AS: There is the strange anthropomorphic character of the pumpkin, menacing, and definitely alive. They become their own characters

MA: I spend a lot of time with the pumpkin completely confused as to what to do to it. In a sense it's like stage fright. Something finally happens, I make the decision of what to do, to the 'face' or even to the scale of the piece. The faces have been a way of making a portrait in a sense without a traditional sitter. I think it relates to making a persona with very little. The menacing nature, is coming from me.

                    
                   Drivin' on 9, 2012, oil on linen, 61.5 x 56cm 

 

AS: Has it become a seasonal thing? As a breathing space do you still feel the desire to make a pumpkin painting occasionally? 

MA: I made the first in 2004 and it has become an annual event. You can only get them in grocery stores in September and October and then they are gone. Sainsburys actually clears out all pumpkins from all of their stores on November 1st.  Where they go is a mystery. By doing one a year, it doesn't become a cliche - it becomes an event, which is much more exciting. I don't think I could make more then one pumpkin a year that would be successful to my demands on my work. Each one seems to reflect different ideas and different years. 'Say something once, why say it again'  - Talking Heads.

AS: Can you tell me about the other paintings in the show and how they relate to the pumpkin pieces?

MA: They all come from an interest in objects that are hollow, concave, or have an internal empty space. I seemed to realise this afterwards. I think the hollowed out object gives me the chance to solidify the exterior in some way through the act of painting. With the stuffed toy in the teapot it was more literal, the image seemed almost like a cannibalistic joke.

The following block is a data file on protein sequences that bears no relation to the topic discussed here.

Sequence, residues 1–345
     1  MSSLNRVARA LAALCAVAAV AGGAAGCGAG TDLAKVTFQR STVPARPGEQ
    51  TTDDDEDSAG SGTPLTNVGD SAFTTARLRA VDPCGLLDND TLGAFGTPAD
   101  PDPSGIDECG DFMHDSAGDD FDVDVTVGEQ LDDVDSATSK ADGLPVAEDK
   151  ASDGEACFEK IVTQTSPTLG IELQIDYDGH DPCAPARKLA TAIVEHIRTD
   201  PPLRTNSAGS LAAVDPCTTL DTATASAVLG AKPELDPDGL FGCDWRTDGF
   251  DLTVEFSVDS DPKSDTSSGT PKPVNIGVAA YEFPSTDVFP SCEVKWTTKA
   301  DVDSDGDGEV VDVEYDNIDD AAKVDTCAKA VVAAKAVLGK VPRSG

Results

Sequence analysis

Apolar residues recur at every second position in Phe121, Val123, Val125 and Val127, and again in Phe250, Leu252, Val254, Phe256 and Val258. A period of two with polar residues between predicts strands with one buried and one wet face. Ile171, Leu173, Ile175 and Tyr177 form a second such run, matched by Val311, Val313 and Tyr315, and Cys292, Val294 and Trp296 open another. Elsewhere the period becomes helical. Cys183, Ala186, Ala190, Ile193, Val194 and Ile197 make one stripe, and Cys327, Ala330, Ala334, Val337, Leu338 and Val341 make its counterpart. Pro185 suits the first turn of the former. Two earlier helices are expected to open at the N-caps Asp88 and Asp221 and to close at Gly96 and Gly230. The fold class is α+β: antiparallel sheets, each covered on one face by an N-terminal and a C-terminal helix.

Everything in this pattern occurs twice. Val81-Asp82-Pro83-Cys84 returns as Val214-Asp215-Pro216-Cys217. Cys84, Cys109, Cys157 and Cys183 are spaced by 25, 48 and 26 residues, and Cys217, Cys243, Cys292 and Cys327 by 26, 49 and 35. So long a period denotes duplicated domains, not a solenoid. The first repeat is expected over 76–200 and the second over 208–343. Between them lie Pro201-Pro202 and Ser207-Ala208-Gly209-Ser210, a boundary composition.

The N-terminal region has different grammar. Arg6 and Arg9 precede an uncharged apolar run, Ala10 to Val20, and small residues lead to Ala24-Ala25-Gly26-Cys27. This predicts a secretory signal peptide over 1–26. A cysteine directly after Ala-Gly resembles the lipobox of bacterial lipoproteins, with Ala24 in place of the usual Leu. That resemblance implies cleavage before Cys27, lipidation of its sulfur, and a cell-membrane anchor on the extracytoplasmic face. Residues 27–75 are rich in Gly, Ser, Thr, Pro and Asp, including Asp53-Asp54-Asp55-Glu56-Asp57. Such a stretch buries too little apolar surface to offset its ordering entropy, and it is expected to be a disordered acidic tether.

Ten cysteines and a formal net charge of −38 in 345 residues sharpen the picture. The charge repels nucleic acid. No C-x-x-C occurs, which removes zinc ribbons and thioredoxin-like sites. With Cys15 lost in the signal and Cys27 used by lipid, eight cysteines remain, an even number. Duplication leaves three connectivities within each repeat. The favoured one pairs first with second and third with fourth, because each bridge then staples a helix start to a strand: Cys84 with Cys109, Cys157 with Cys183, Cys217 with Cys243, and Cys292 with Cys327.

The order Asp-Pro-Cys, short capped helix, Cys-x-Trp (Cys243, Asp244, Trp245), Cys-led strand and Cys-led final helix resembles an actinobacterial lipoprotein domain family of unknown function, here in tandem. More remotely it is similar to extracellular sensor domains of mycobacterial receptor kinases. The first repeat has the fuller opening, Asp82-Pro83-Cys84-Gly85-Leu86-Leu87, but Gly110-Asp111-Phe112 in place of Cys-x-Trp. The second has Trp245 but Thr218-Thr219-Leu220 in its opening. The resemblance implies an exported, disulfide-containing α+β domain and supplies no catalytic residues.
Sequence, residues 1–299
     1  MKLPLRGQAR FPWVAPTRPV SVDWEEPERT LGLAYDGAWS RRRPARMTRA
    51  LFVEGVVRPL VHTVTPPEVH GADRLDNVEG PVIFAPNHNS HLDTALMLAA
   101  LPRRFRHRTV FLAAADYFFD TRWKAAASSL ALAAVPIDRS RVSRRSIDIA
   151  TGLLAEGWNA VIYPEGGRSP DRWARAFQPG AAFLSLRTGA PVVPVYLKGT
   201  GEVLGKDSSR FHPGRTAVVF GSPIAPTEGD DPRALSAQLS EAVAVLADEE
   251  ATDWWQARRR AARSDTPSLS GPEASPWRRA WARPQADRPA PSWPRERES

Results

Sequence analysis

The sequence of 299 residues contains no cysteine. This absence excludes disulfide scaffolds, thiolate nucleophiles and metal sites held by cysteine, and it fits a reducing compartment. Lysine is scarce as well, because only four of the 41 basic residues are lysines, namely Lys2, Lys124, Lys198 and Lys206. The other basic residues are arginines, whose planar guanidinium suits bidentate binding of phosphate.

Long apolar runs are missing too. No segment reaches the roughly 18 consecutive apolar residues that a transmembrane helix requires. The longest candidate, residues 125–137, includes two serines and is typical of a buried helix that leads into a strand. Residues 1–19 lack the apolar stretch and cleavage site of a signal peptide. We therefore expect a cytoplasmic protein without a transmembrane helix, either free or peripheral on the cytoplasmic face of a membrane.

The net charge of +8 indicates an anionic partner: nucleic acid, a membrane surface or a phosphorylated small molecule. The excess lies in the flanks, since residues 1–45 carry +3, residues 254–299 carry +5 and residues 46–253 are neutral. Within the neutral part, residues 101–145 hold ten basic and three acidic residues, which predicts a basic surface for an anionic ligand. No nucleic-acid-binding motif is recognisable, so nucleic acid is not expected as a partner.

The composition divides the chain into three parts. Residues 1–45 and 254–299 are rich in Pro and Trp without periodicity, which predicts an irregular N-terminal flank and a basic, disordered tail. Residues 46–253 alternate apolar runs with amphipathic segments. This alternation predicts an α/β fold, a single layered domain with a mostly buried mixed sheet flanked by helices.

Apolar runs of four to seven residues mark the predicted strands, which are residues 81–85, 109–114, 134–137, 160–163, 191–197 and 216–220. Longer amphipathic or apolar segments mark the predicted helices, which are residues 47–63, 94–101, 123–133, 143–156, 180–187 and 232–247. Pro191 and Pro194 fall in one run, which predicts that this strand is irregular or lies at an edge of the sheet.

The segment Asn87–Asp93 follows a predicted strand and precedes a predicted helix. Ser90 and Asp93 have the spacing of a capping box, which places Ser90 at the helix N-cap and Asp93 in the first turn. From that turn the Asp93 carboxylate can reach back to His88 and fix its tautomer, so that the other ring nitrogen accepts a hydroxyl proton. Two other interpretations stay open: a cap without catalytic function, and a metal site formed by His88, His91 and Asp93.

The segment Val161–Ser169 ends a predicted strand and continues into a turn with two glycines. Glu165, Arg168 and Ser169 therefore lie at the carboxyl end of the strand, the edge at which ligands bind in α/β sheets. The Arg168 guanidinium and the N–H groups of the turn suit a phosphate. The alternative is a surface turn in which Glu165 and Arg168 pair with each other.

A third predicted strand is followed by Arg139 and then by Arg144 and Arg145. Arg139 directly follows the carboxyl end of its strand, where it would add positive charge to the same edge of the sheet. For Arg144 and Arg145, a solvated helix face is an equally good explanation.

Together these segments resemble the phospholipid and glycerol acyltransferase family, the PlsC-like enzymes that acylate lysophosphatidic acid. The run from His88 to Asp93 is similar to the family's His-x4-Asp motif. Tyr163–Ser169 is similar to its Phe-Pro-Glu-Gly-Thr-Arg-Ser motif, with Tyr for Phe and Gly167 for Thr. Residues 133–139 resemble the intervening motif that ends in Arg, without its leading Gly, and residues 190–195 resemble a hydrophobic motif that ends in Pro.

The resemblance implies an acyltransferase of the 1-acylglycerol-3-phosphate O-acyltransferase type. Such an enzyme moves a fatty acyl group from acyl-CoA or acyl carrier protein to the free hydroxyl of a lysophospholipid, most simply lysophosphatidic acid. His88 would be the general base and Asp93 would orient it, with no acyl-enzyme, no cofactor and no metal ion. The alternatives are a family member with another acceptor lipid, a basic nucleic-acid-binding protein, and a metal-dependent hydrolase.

AS: And the paintings of figures on horseback have been influenced by your interest in film?

MA: The Mad Max paintings came out of a hiccup or a transformation. I was working on a painting of an outstretched arm and before I knew it, the painting bottomed out and the arm became a horizon line, suggesting an open rural space, then other marks became a horse. The horse took me to a scene from Mad Max Beyond Thunderdome that has always stayed with me, the 'Gulag' scene. Mel Gibson is thrown into a barren desert, tied up on a mule as punishment. They stick a huge Mardi Gras mask on his head of a man's face with a hat, and off into the desert he is sent. The image seemed to fit with where I wanted to take painting at the time, the head we see being a hollowed out mask, covering the real face. It is oversized and cartoony. So having to place that onto a realistic body that was smaller in scale, and on top of a horse with all of it's textures, whilst also trying to depict a sense of the heat and the desert, made it complex to make. I haven’t seen the film in years, and in a sense it's a memory of the film or the scene itself, and I worked very hard on the intense cropping and composition of those paintings.

 

                  
                  Study for Gulag, 2013, oil on board, 40.5 x 30.5cm